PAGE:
Carl Wunsch has an interesting new preprint entitled: Abrupt climate change. An alternate view at his website.
C. Wunsch, 2005. Abrupt climate change. An alternate view states in the abstract:
Hypotheses and inferences concerning the nature of Dansgaard-Oeschger (D-O) events are reviewed. There is little concrete evidence that these events are more than a regional Greenland phenomenon. The partial coherence of ice core àÅ½àⲱ8O and CH4 is a possible exception. Claims, however, of D-O presence in most remote locations cannot be distinguished from the hypothesis that many regions are just exhibiting temporal variability in climate proxies with approximately similar frequency content. Further suggestions that D-O events in Greenland are a generated by shifts in the North Atlantic ocean circulation seem highly implausible, given the weak contribution of the high latitude ocean to the meridional flux of heat. A more likely scenario is that changes in the ocean circulation are a consequence of wind shifts. The disappearance of D-O events in the Holocene coincides with the disappearance also of the Laurentide and Fennoscandian ice sheets. It is thus suggested that D-O events are a consequence of interactions of the wind-field with the continental ice sheets and that better understanding of the windfield in the glacial periods is the highest priority. Wind fields are capable of great volatility, very rapid global-scale teleconnections, are efficient generators of oceanic circulation changes and (more speculatively) of multiple states relative to great ice sheets. Connection of D-O events to the possibility of modern abrupt climate change rests on a very weak chain of assumptions.
Wunsch illustrates the conventional view as essentially being a commentary on the following well-known figure:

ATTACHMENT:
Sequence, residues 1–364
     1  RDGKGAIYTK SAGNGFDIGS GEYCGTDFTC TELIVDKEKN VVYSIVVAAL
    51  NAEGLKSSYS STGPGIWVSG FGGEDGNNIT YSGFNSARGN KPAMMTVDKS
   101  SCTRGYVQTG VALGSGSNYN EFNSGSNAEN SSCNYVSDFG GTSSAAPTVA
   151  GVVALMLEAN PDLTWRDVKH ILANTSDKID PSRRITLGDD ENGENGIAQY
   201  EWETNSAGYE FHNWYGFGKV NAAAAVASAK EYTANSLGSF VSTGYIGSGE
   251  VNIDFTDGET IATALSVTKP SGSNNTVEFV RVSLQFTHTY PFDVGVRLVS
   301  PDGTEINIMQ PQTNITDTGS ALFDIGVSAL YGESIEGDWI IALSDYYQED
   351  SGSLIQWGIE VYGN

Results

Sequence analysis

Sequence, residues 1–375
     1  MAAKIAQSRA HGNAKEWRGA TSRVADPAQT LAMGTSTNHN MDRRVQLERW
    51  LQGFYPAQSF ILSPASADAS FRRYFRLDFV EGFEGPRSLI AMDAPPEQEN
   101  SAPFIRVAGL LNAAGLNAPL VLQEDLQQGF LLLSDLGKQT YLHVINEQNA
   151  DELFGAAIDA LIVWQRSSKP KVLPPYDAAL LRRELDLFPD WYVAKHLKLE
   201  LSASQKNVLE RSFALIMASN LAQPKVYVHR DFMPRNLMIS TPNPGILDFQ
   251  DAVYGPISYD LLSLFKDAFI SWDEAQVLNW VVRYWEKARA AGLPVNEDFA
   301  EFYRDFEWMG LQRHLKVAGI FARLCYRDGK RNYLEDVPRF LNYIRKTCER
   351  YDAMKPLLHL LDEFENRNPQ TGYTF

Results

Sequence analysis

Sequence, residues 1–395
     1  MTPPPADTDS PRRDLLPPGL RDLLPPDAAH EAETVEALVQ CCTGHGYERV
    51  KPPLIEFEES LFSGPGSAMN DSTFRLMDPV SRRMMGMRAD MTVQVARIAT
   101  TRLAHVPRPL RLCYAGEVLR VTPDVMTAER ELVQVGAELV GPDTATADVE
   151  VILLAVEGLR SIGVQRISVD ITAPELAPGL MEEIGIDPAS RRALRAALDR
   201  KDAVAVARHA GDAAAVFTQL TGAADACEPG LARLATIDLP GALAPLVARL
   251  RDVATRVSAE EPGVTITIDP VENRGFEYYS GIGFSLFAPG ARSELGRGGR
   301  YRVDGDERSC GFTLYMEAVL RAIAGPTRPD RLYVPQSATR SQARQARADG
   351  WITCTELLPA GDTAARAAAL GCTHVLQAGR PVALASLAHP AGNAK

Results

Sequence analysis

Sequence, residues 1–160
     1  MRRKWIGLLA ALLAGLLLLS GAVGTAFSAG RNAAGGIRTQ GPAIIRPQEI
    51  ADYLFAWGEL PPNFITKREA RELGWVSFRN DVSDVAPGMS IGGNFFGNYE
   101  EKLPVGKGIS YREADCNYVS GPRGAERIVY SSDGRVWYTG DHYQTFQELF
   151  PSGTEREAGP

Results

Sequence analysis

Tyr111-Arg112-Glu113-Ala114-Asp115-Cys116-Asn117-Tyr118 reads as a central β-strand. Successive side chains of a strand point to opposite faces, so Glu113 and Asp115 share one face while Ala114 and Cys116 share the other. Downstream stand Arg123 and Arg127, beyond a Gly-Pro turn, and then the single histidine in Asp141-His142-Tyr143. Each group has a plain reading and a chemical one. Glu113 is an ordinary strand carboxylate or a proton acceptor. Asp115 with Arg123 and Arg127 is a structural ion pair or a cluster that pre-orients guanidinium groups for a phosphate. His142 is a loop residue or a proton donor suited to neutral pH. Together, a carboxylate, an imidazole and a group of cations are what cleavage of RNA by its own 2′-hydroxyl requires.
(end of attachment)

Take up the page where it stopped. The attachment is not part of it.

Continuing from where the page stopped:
Wunsch Caption: Figure 1: àÅ½àⲱ8O from the GISP2 ice core as measured in the Quaternary Research Laboratory, U. of Washington (Stuiver and Grootes, 2000). Note that time runs from left to right in the physics convention. The ratio of 18O to 16O concentrations is believed to track local atmospheric temperatures in central Greenland to within an approximate factor of two (e.g., Landais et al., 2004). Large positive spikes are called Dansgaard-Oeschger (D-O) events and are correlated with abrupt warmings– measured independently in some cases. Note in particular, the quiescence of the Holocene interval (approximately the last 10,000 years) relative to the preceding glacial period. The Holocene coincides with the removal of the Laurentide and Fennoscandian ice sheets. Age model is by layer counting back to about 30,000 years and is model-based prior to that time. The range of excursion is believed to correspond to about 15à⣃”¬’à⥃.
Wunsch states in his introduction:
Given the implications for modern public policy debate, and the use of this interpretation of D-O events for understanding of past climate change, it is worthwhile to re-examine the elements leading to the major conclusions. Underlying the now very large literature of interpretation are several assumptions, assertions and inferences including:(1) The àÅ½àⲱ8O variations appearing in the record of Fig. 1 are a proxy for local temperature changes.(2) Fluctuations appearing in Greenland reflect climate change on a hemispheric, and probably global, basis and of large amplitude.
(3) The cause of the D-O events can be traced back to major changes (extending to “shutdown”) of the North Atlantic meridional overturning circulation and perhaps even failure of the Gulf Stream.(4) Apparent detection of a D-O event signature at a remote location in a proxy implies its local climatic importance.
The purpose of this paper is to briefly re-examine these assumptions and assertions, but with emphasis on (2) and (3). A summary of the outcome of the survey is that (1) is in part true; little evidence exists for (2) other than a plausibility argument; and (3) is unlikely to be correct. Inference (4) can only be understood through a quantitative knowledge of controls of local proxies, and is briefly likened to the problem of interpreting modern El NiàÆà signals. The paper ends with a discussion of how to move forward.
All in all, an interesting read.